A global effort, with contributions by McGill astrophysicists including Assistant Professor of Physics in the McGill Space Institute (MSI), Daryl Haggard, and postdoctoral researcher Melania Nynka, has detected gravitational waves coming from the collision of two neutron stars in orbit. Among the many implications of this discovery, the origin of certain elements—such as gold—emerged.
Gravitational waves are piquing the public’s interest in physics. These waves are disturbances in space-time caused by the collision of large astronomical bodies as they orbit each other at increasing velocity. Theorized by Einstein in 1916, evidence for the existence of gravitational waves has only recently become available—the 2017 Nobel Prize in Physics was given to Rainer Weiss, Barry C. Barish, and Kip S. Thorne, for their contributions to the detection of the gravitational waves and the Laser Interferometer Gravitational-Wave Observatory (LIGO). Previous recordings of gravitational waves were from the merging of black holes.
Recently, the first emanation of these waves from the collision of two neutron stars has been confirmed by scientists across the globe, including Haggard and Nynka; marking the first of these types of collisions to release gravitational waves and light radiation.
“[This] signal lasted much longer than the first four,” Govert Shilling wrote for the Sky and Telescope. “[Instead] of a fraction of a second, like the earlier detections, the spacetime ripples lasted for a whopping ninety seconds.”
Furthermore, electromagnetic radiation was released by the collision in the form of a flash gamma radiation, detected by both NASA and the European Space Agency. This combination of different types of emissions released from the collision has never been seen by astronomers.
Haggard was involved in the discovery, and explained that neutron stars sometimes pull on another neutron star to form a binary system—when two stars rotate around the same center of mass. As they orbit closer to each other, the final collision releases gravitational waves and violent bursts of gamma radiation out into distant space. The gravitational waves travel at the speed of light, virtually unimpeded throughout the universe. By the time they reach Earth, the warping of space-time that the planet experiences is about a fraction of the width of an atomic nucleus, and has a negligible effect.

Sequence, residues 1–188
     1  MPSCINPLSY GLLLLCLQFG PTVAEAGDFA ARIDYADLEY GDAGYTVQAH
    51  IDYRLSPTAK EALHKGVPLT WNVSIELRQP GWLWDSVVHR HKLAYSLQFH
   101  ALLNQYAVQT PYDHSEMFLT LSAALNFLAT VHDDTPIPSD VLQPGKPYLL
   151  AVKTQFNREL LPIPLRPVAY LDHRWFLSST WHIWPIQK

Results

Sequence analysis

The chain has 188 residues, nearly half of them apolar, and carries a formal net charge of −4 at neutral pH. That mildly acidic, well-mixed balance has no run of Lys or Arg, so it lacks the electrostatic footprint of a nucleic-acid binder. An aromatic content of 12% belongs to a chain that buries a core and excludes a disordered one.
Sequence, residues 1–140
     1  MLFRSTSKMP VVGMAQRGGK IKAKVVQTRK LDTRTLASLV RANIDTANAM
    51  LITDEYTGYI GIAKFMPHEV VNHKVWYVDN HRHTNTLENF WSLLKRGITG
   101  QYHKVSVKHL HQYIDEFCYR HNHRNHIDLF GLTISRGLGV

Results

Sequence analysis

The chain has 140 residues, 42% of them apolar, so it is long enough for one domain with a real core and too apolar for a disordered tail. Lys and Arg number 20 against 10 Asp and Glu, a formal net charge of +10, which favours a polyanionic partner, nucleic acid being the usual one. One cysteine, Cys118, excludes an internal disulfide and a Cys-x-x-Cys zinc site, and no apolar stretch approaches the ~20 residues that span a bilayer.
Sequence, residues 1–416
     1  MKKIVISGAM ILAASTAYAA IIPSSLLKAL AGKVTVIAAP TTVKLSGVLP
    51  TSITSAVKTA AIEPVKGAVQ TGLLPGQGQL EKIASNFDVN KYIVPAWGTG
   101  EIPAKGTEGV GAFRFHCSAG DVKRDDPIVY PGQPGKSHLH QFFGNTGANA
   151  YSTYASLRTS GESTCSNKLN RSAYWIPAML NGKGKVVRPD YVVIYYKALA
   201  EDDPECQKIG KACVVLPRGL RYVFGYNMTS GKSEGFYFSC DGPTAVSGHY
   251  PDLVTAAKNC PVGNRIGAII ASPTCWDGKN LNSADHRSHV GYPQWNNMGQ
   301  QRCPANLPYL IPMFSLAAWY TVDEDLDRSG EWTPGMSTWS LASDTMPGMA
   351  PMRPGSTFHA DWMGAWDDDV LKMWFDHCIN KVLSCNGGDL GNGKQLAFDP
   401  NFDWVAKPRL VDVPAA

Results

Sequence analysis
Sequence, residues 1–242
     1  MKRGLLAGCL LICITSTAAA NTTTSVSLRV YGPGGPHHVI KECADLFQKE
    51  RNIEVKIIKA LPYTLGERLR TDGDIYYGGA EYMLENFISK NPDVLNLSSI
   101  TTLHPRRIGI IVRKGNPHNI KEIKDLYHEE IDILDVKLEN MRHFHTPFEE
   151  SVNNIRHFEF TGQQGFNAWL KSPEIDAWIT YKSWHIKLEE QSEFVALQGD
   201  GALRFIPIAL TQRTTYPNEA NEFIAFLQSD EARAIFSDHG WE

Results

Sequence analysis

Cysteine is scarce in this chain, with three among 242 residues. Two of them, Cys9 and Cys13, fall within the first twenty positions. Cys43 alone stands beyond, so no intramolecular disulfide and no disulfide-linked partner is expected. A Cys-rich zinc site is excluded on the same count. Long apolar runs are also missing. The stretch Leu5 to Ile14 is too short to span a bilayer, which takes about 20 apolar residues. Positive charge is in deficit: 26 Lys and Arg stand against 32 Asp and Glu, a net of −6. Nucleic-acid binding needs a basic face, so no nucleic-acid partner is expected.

The effort to detect such events is enormous. Nynka, who also worked on this project at the MSI, stressed that this slight detection was monitored heavily.
“[One] third of the entire astrophysics and astronomical community, around the world, was involved in observing this,” Nynka said.
These events are hard to detect because of the accuracy required. Lasers travelling long distances have to be perfectly calibrated so that only a gravitational wave will warp the path of the lasers out of sync with each other. Nynka pointed out that varied sources, such as waves on a shore, passing trucks, or distant seismic activity, can throw off results.
However, with the project successfully confirming the presence of gravitational waves resulting from two colliding neutron stars, other downstream implications of the discovery emerged. The data confirmed theories about the cosmic origin of heavy elements, like gold.
The early expansion of the universe was too rapid, and the temperature changes too great, to be able to produce many of the heavier elements. However, many astronomical collisions were theorized to be able to produce the right temperatures, which sustained over a sufficient amount of time, can generate these elements.
Haggard explained that dying stars undergoing supernova explosions become increasingly dense, and have so much gravity inside them that they force protons and electrons together, creating a vast supply of neutrons. Thus, neutron star collisions can potentially provide the right conditions for mid-weight range elements, like iron, to capture neutrons and acquire mass. Haggard explained that sometimes this even happens on earth—during the fallout of a thermonuclear explosion.
It may be romantic to say that the gold in our wedding rings came from distant bursts of colliding stars. To astronomers, however, these findings may help better understand how matter forms and coalesces in the universe—clumping together to turn space dust into planets and, eventually, life.